That primal desire to have your mom hold your hand or guide you—it's not a sign of weakness. It's how women have been birthing from the beginning of time.
One of the most powerful women in the world is about to have a baby. Which means that Meghan Markle, Prince Harry's wife and the Duchess of Sussex, could have access to any expert, any accommodation her heart desires.
If she wants a doula, breastfeeding expert, pediatrician of the highest caliber or even tea and scones, it's all available to the Duchess. (And like every pregnant mama, she deserves it ALL.)
We've been reading about her plans to keep her birth private, possibly even via home birth, and know that the entire British medical community is attuned to her now-full term pregnancy.
But on the brink of her due date, it's reported that what she really wants is her mom, Doria Ragland, at her side.
And I TOTALLY get it.
Birth has a way of making even the most independent women want their mamas close by.
That primal desire to have your mom hold your hand or guide you—it's not a sign of weakness. It's how women have been birthing from the beginning of time. It's actually a powerful sign of mothers' strength.
When I was pregnant with my first child, I had an instinctive need to keep my mother and mother-in-law close. They weren't present in the birth rooms, but they descended from out-of-state on our little family in the weeks before and after baby's birth.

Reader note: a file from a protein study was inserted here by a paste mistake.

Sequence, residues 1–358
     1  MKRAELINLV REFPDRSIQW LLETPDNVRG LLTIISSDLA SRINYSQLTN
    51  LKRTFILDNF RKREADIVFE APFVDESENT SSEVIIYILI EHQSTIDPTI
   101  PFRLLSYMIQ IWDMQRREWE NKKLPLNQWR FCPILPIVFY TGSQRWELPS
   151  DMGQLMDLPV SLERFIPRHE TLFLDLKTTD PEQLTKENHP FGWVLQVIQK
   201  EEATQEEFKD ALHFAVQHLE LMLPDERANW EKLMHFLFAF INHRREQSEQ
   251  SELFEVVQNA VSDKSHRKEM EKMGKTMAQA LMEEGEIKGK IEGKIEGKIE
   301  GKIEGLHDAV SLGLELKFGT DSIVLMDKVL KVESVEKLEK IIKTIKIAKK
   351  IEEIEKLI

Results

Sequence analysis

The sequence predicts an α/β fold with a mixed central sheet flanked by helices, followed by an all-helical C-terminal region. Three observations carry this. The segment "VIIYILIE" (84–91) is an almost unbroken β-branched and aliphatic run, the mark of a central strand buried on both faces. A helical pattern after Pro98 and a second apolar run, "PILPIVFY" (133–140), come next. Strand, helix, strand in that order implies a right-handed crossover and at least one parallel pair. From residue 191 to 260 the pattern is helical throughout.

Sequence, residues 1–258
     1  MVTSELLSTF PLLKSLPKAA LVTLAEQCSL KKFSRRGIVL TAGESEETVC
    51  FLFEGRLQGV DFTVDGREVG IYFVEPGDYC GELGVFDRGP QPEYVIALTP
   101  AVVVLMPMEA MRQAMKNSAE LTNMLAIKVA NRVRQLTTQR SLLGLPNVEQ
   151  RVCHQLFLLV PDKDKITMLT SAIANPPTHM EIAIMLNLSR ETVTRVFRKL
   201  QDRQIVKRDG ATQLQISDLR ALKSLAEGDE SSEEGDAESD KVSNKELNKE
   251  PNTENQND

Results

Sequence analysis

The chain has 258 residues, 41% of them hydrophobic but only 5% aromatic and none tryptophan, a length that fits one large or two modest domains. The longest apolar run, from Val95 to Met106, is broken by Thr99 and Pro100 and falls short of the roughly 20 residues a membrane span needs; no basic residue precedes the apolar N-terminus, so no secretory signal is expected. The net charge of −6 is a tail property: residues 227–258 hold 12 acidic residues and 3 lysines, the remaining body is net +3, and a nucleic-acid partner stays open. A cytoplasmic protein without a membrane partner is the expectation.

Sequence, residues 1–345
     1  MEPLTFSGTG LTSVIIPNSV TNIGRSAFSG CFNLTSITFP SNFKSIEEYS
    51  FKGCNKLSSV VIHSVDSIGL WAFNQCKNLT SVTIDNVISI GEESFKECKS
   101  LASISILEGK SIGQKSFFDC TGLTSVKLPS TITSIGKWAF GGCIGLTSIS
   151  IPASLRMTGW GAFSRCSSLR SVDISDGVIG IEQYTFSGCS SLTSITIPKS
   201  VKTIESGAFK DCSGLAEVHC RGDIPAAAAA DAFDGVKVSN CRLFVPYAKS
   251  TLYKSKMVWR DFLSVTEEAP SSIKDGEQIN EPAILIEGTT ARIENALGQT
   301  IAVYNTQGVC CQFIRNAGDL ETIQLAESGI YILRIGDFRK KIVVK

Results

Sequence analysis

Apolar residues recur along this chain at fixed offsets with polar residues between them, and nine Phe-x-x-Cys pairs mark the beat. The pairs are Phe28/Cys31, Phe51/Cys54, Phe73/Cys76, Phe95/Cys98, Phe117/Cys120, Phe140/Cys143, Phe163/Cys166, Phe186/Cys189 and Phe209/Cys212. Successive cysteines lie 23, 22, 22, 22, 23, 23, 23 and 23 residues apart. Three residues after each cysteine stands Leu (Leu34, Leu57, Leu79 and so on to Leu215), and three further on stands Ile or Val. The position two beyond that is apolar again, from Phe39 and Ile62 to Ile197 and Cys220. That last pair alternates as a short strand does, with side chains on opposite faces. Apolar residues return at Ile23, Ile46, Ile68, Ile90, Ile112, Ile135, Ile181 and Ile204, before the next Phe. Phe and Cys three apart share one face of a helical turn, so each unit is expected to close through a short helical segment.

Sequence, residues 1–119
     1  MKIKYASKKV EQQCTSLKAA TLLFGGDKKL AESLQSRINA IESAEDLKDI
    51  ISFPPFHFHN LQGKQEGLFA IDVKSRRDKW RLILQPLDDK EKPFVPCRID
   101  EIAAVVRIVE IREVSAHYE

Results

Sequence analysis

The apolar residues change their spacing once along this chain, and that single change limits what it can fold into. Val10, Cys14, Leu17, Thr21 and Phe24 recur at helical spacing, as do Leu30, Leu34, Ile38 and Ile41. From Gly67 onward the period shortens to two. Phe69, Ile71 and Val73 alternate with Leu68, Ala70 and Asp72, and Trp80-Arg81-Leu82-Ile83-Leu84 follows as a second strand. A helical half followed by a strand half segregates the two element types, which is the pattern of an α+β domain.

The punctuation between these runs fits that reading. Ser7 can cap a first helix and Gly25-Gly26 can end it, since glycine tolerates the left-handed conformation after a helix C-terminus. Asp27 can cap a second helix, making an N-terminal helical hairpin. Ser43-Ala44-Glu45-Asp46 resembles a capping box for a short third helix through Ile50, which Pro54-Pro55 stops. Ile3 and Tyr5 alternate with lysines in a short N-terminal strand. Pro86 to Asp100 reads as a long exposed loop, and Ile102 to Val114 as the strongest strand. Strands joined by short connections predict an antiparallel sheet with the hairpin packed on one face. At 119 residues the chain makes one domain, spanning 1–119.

These mothers (and new grandmothers) were a reassuring presence during the biggest milestone of my life.
They were birth angels who helped share in our amazed excitement on the brink of baby's due date.
They were cleaning fairies who helped keep the house organized while I was too pregnant to bend over, or too overwhelmed to do the laundry.
They were breastfeeding ninjas who held my boob as I learned to nourish my son with my body.
They were doting grandmas to this brand new baby boy when we were all learning about the new person around whom our worlds began to revolve.
They were motherhood mentors who told me I was a wonderful mother even when I felt like I was a failure in those exhausting early days.
They were sleep coaches—for me and the baby—when I endured yet another sleepless night when a cranky newborn.
They were self-care guides encouraging me to change my clothes, brush my teeth, or take a shower when I felt newly unable to care for my own basic needs.
They were a sign of hope that these intense new days wouldn't last forever, and that someday, somehow, I would become as competent as they seemed to be.
They were a source of new strength and admiration, as I realized as a new mother myself just how many things I took for granted as a child (meals, a clean home, my mom's constant, reassuring presence.)
And no, those weeks weren't perfect. I do remember "words" exchanged at a few key moments. And I know that for some women, keeping their own family members at a distance is the happiest and healthiest thing they can do, especially right after a baby is born. The closeness can just me too much sometimes. I get it.
But women, mothers and daughters, have been helping guide one another into motherhood for as long as we've been having babies.
When I look back on big moments in my life, and meaningful seasons when I felt closest to and most grateful for my mother and mother-in-law, I think of those weeks fondly. I think of their sacrifice. I think of their generosity. I think of their love. I cherish their presence.
Megan Markle is about to experience one of the greatest crowning achievements of her life: becoming a mama. It just makes sense that she wants her mama, her queen, by her side.